ports and maritime bases are possible from its shores (with easy access to the Soviet Union),
although bases already established in Japan would be closer.


Greece Korea

Iran Viet Nam
From: Soviet Union Task Force, United States State Department
To: Office of the President of the United States of America

Mr. President,

A careful analysis of the data has revealed several key pieces of information about which you should be

The roots of the conflict between the United States and Soviet Union are primarily about _______________

We evaluated three possible responses to the Soviet threat, and have determined that __________________
is the best course of action because _____________________________________________________________________
It is better than our other alternatives because __________________________________________________________

Finally, we have advised the C.I.A. to implement our strategy at the following two locations, for the
reasons specified:
Country 1: _______________________________________
Our reasoning is that ____________________________________________________________________________________

Country 2: _______________________________________
Our reasoning is that ____________________________________________________________________________________
“The Sources of Soviet Conduct”
Foreign Affairs, 1947
by X [George Kennan]

“....[I]t is clear that the main element of any United States policy toward the Soviet Union must
be that of long-term, patient but firm and vigilant containment of Russian expansive
tendencies. It is important to note, however, that such a policy [should not use] threats or
blustering or [pointless] gestures of outward "toughness." While [Russia] is basically flexible in
its reaction to political realities, it is by no means [unresponsive] to considerations of prestige.
Like almost any other government, it can be placed by [pointless] and threatening gestures in
a position where it cannot afford to yield even though this might be dictated by its sense of
realism. The Russian leaders are keen judges of human psychology, and as such they are
highly conscious that loss of temper and of self-control is never a source of strength in
political affairs. They are quick to exploit such evidences of weakness.…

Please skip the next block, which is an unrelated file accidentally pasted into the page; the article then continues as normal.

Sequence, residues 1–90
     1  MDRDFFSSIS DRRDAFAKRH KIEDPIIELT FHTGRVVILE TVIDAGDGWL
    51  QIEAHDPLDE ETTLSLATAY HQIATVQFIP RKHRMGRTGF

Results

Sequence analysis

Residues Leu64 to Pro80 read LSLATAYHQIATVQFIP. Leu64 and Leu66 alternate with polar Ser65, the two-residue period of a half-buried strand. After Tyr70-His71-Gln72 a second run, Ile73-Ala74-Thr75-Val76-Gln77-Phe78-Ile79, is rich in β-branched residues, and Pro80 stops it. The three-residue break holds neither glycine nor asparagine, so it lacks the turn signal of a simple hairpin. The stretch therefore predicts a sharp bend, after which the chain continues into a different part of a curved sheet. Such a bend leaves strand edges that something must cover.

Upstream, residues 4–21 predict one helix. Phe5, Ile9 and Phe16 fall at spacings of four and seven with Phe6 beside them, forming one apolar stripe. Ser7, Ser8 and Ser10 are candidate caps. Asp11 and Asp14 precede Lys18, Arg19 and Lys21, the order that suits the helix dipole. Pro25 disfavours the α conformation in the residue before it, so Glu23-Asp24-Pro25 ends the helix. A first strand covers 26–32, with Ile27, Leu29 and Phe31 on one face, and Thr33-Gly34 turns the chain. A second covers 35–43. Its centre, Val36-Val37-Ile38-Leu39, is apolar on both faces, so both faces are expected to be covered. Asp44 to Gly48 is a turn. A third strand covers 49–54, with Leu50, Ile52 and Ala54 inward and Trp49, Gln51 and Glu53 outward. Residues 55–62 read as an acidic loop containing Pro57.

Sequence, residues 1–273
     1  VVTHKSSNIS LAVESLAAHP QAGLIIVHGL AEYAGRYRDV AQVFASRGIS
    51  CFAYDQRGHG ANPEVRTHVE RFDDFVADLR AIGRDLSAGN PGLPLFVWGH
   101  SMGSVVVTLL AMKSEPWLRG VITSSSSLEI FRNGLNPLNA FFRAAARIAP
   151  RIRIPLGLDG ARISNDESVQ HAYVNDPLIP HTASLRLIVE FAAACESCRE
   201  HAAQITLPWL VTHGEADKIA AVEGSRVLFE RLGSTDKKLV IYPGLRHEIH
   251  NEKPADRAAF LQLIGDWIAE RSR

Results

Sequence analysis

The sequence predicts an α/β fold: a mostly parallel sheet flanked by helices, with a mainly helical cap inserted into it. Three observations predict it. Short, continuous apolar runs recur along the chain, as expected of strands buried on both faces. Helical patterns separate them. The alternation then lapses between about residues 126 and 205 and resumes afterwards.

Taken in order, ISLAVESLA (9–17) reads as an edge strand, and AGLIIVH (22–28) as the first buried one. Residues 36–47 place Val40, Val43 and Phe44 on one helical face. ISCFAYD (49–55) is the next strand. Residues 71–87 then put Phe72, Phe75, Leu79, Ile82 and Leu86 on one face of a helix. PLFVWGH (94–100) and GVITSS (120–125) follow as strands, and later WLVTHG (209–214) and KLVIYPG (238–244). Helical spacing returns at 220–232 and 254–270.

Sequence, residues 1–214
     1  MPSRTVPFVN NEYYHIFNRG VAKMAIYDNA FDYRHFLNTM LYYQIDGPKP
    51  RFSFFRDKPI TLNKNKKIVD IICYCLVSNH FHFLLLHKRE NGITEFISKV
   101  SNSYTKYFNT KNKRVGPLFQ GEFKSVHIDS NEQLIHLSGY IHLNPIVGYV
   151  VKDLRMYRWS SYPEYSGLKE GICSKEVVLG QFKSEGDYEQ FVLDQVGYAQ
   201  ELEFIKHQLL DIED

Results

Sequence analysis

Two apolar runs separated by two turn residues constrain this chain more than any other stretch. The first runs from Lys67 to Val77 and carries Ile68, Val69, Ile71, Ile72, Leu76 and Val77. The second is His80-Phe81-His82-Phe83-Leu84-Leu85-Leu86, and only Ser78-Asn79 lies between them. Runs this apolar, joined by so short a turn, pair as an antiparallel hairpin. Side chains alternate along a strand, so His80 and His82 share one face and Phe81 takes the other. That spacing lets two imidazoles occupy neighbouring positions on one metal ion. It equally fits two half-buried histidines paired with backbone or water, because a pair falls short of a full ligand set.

It is clear that the United States cannot expect in the foreseeable future to enjoy political
intimacy with the Soviet regime. It must continue to regard the Soviet Union as a rival, not a
partner, in the political arena. It must continue to expect that Soviet policies will reflect no
abstract love of peace and stability, no real faith in the possibility of a permanent happy
coexistence of the socialist and capitalist worlds, but rather a cautious, persistent pressure
toward the disruption and weakening of all rival influence and rival power.

Balanced against this are the facts that Russia, as opposed to the western world in general, is
still by far the weaker party, that Soviet policy is highly flexible, and that Soviet society may
well contain deficiencies which will eventually weaken its own total potential. This would of
itself warrant the United States entering with reasonable confidence upon a policy of firm
containment, designed to confront the Russians with unalterable counter-force at every point
where they show signs of encroaching upon he interests of a peaceful and stable world.

Thus the Kremlin has no compunction about retreating in the face of superior forces. And
being under the compulsion of no timetable, it does not get panicky under the necessity for
such retreat. Its political action is a fluid stream which moves constantly, wherever it is
permitted to move, toward a given goal. Its main concern is to make sure that it has filled
every nook and cranny available to it in the basin of world power. But if it finds unassailable
barriers in its path, it accepts these philosophically and accommodates itself to them. The
main thing is that there should always be pressure, unceasing constant pressure, toward the
desired goal. There is no trace of any feeling in Soviet psychology that that goal must be
reached at any given time.”
The Communist Manifesto
Terms to know before reading:
bourgeois: capitalists; factory owners
proletariat: factory workers

The distinguishing feature of Communism is not the
abolition of property generally, but the abolition of
bourgeois property. But modern bourgeois private property
is the final and most complete expression of the system of
producing and appropriating products, that is based on class
[conflict], on the exploitation of the many by the few.
In this sense, the theory of the Communists may be
summed up in the single sentence: Abolition of private

The proletariat will use its political supremacy to wrest, by degree, all capital from
the bourgeoisie, to centralize all instruments of production in the hands of the State, i.e.,
of the proletariat organized as the ruling class; and to increase the total productive forces
as rapidly as possible.
Of course, in the beginning, this cannot be effected except by means of [violent]
inroads on the rights of property, and on the conditions of bourgeois production...

In short, the Communists everywhere support every revolutionary movement
against the existing social and political order of things.
In all these movements, they bring to the front, as the leading question in each, the
property question, no matter what its degree of development at the time.
Finally, they labour everywhere for the union and agreement of the democratic
parties of all countries.
The Communists disdain to conceal their views and aims. They openly declare
that their ends can be attained only by the forcible overthrow of all existing social
conditions. Let the ruling classes tremble at a Communistic revolution. The proletarians
have nothing to lose but their chains. They have a world to win.

Working Men of All Countries, Unite!